pald to obtain the process-level credentials (uid, pid, and gid) of the caller for each request. These credentials can then be used to identify containers and assign them a label. Labels allow PAL to consult a predefined policy and authorize containers to receive secrets. To get the list of labels on a container,
pald uses the process id (pid) of the calling process to get its cgroups from Linux (by reading and parsing
/proc/<pid>/cgroups). The names of the cgroups contain the Docker container id, which we can use to get container metadata via Docker’s
inspect call. This container metadata carries a list of labels assigned by the Docker
LABEL directive at build time.
Containers and their labels must be bound together using code integrity tools. PAL supports using Docker’s Notary, which confirms that a specific container hash maps to specific metadata like a container’s name and label.
PAL’s present and future
PAL represents one solution for identity bootstrapping for our environment. Other service identity bootstrapping tools bootstrap at the host-level or are highly environmentally coupled. AWS IAM, for example, only works at the level of virtual machines running on AWS; Kubernetes secrets and Docker secrets management only work in Kubernetes and Docker Swarm, respectively. While we’ve developed PAL to work alongside Mesos, we designed it to used as a service identity mechanism for many other environments simply by plugging in new ways for PAL to read identities from service artifacts (containers, packages, or binaries).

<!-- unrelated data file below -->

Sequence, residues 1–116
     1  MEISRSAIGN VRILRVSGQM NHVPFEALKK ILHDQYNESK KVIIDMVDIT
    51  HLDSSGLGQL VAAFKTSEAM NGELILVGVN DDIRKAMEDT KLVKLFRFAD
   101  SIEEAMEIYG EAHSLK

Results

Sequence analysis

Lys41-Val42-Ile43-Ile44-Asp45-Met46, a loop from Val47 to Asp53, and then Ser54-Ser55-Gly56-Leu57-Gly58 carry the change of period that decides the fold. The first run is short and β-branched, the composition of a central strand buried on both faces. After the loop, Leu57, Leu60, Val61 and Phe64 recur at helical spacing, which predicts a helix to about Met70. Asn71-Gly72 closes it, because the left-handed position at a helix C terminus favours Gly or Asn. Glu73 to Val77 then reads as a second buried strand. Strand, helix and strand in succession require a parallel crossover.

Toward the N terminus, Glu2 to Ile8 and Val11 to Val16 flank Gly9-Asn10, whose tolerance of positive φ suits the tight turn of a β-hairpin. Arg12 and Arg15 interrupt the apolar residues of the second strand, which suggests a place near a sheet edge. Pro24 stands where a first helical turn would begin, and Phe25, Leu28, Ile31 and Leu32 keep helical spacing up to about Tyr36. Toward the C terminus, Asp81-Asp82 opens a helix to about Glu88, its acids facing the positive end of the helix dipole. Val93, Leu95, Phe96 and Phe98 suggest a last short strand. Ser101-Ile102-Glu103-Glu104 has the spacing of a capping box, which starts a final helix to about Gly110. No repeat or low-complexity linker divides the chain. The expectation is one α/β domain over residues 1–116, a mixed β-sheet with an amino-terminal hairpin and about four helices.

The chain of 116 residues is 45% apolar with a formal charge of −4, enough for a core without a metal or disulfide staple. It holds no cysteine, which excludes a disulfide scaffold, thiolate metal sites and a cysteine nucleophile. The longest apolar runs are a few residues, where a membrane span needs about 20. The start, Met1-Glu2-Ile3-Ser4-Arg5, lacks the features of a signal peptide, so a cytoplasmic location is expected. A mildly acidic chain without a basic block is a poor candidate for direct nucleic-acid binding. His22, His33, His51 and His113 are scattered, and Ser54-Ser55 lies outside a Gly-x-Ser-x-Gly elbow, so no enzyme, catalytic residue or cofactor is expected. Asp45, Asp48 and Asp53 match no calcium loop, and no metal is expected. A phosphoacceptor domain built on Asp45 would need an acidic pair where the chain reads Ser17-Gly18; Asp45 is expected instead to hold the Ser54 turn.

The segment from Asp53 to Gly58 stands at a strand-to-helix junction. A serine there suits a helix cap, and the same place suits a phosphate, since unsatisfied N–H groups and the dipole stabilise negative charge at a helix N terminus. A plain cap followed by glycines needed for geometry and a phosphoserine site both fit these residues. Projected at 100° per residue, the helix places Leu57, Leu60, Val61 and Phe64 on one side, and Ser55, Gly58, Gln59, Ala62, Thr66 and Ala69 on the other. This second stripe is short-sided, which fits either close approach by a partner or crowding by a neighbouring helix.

Recall the issue where Vine disclosed their source code in their Docker containers on a public repository, Docker Hub. With PAL, Vine could have kept their API keys (or even the entire codebase) encrypted in the container, published that safe version of the container to Docker Hub, and decrypted the code at container startup in their particular production environment.
Using PAL, you can give your trusted containers an identity that allows them to safely receive secrets only in production, without the risks associated with other secret distribution methods. This identity can be a secret like a cryptographic key, allowing your service to decrypt its sensitive configuration, or it could be a credential that allows it to access sensitive services such as secret managers or CAs. PAL solves a key bootstrapping problem for service identity, making it simple to run trusted and untrusted containers side-by-side while ensuring that your secrets are safe.
PAL was created by Joshua Kroll, Daniel Dao, and Ben Burkert with design prototyping by Nick Sullivan. This post was adapted from an internal blog by Joshua Kroll and a presentation I made at O’Reilly Security Amsterdam in 2016 , and BSides Las Vegas.